Wildfires and Northwest Baptist Disaster Relief – You’re Not Alone

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This week Paula and I have been visiting with pastors and churches in Northern Idaho and Eastern Washington (sorry if you’re in this area and we missed each other). Each day the smoke from the wildfires has been visible and sometimes heavy. Everybody is talking about it, and last night at Medical Lake Baptist Church there was anguished prayer as we learned of three firefighters who died near Twisp, WA while fighting fire. A fourth firefighter was badly burned and is struggling for his life in a Seattle hospital. One of the men praying last night had just returned from 3 days of firefighting in which he labored for almost 60 hours. Still, he was in church with his wife and children, and grateful to be there, even in his bone-weariness.

As we prayed and worshipped, we also expressed gratitude for the Disaster Relief volunteers from our Northwest Baptist churches. I was able to share with that congregation of 30 souls that they are part of a big and deep work, providing care and ministry to people suffering disaster, even that night. While we met and prayed, four NWBC Disaster Chaplains were enroute to minister to the firefighters and families in Twisp. Other Disaster Relief volunteers are deployed elsewhere, as fires are raging throughout our beautiful Northwest.

Disaster Relief is one the great gifts of Northwest Baptists, and our Baptist friends across the United States, to our world. With an army of 90,000 volunteers (about 660 in the Northwest), D.R. volunteers respond to every major disaster in our nation and in the world, and they respond to many “smaller scale” disasters as well. This is but one of the wondrous fruits of our cooperation as Baptists. Whether a church has 22 in Sunday attendance, like the church we attended last Sunday, or many hundreds, disaster ministry requires the participation and cooperation of us all. So when you see those beautiful gold shirts with “Northwest Baptist Disaster Relief” printed on them, know that they represent you.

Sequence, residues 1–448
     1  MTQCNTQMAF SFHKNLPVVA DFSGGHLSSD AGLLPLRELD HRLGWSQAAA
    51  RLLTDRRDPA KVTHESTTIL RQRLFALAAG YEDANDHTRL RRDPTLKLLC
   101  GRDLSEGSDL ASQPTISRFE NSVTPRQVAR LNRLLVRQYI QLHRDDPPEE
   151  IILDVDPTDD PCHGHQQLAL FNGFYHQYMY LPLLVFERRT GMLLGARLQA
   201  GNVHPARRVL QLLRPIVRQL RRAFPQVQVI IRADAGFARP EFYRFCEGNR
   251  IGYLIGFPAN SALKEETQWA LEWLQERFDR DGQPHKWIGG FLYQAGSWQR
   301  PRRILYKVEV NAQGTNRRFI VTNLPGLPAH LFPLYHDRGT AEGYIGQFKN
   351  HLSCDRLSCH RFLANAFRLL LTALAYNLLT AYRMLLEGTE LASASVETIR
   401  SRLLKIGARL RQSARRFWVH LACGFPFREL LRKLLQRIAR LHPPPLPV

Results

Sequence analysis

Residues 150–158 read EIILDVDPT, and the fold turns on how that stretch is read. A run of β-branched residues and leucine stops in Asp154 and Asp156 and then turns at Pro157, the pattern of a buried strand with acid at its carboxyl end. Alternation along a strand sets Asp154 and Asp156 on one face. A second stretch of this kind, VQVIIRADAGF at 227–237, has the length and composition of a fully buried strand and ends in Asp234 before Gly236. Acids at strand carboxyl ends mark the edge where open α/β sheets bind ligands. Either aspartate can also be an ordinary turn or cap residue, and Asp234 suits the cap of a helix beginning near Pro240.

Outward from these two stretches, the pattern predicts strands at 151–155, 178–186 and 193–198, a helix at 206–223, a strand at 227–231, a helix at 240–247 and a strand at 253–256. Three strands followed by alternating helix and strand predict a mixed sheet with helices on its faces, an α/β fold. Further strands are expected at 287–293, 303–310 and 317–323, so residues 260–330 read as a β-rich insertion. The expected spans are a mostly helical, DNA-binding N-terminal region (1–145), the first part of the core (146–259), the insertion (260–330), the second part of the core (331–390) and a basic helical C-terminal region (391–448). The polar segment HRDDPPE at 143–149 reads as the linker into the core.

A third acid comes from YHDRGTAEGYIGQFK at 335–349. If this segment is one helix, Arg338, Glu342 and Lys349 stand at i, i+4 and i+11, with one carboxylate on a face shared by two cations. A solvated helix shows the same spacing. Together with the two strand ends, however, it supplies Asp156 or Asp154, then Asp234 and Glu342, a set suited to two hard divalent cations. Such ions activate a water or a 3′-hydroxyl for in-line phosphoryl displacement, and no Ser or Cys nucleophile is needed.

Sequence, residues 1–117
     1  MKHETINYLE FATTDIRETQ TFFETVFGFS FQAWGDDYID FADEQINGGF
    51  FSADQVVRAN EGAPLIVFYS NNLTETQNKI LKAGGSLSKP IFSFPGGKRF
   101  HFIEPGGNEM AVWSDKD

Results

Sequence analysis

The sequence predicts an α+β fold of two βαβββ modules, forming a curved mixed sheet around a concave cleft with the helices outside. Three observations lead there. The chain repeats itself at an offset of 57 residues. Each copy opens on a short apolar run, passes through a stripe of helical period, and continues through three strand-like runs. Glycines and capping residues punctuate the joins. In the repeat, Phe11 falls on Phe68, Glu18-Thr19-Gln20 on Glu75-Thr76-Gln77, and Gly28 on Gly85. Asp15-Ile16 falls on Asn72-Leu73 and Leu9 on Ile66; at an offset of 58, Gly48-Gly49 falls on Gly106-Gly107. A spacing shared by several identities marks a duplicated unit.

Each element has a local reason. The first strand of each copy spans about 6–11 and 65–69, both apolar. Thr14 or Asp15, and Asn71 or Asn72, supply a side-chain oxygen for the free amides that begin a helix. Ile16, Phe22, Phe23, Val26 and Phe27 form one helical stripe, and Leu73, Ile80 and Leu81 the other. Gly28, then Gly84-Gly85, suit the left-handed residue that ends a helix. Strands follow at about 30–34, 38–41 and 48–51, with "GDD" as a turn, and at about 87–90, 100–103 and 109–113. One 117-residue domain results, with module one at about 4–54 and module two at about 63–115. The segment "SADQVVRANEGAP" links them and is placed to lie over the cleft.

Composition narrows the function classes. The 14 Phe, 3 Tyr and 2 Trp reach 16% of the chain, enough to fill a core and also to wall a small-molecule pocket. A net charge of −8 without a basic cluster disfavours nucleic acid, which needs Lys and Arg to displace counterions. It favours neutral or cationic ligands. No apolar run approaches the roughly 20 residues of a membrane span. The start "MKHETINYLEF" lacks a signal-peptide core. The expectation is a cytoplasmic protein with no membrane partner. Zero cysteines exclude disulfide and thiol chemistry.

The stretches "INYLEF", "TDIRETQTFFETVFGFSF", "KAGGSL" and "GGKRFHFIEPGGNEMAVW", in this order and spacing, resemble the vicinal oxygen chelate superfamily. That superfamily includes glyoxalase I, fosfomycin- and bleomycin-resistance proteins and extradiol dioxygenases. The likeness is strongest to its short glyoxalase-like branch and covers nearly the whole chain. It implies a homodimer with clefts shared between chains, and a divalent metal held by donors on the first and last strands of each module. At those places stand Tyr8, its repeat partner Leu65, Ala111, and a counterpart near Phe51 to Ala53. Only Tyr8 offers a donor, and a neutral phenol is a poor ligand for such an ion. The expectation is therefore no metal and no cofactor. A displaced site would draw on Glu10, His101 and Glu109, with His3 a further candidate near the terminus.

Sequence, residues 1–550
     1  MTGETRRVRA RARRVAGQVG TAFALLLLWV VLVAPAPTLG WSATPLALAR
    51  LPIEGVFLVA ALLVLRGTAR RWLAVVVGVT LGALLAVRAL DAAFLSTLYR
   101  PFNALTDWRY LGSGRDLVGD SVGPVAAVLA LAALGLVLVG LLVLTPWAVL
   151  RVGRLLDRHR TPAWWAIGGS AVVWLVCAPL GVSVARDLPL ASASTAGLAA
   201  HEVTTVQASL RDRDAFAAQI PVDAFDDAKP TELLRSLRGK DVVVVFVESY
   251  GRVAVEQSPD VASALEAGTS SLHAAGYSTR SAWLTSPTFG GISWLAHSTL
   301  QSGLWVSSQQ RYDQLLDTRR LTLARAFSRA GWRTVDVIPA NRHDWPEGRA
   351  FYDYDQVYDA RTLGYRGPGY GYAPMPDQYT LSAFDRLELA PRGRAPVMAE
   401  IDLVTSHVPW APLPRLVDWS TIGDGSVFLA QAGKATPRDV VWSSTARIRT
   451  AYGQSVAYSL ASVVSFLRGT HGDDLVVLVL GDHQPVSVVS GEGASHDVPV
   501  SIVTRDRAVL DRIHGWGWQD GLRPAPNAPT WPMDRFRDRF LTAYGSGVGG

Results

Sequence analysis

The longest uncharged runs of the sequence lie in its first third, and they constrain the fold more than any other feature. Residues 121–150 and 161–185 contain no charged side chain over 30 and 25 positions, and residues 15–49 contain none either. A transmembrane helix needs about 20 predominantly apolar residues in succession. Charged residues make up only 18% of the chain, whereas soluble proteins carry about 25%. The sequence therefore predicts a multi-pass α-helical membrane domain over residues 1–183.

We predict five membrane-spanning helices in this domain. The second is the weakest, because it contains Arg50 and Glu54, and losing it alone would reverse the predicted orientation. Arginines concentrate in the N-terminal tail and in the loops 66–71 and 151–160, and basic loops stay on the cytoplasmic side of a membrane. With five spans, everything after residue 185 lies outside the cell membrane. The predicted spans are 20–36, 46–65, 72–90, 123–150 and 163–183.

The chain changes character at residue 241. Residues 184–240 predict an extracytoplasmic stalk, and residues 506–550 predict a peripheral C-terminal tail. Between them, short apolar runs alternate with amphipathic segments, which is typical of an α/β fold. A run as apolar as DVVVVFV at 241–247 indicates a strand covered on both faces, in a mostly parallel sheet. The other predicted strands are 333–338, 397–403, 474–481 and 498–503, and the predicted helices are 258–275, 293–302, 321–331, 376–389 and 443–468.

If you are ever interested in joining the NWBC Disaster ministry, we have training for volunteers on a regular basis. You can discover training dates on our website, www.nwbaptist.org, or call the NWBC office at 360-882-2100.

Also, if your church would like to be a “Ready Church,” ready to respond to needs in your community, you can receive training as to how you can do that as well. Some churches serve by providing shelter in the midst of crisis. Other churches are the go-to peoples when community leaders need volunteers or resources in the midst of a crisis. Ready Church provides a wonderful way for your church to extend itself into the community when times are tough.

One more thing – as you gather with your church family this Sunday, please pray for our firefighters and other first-responders. Law enforcement officers, medics and firemen are the heroes that run toward while others are running away from trouble. They deserve our profound respect and prayers. And pray too for the volunteers, men and women with whom you sit in church and Bible study, whom, when disaster strikes, don the gold shirt and go serve their fellowman. They do it in the name of your church and Northwest Baptists. More importantly, they do it in Jesus’ name, often sharing Jesus’ message with those who are looking for God in the chaos. Bless them. God bless them all.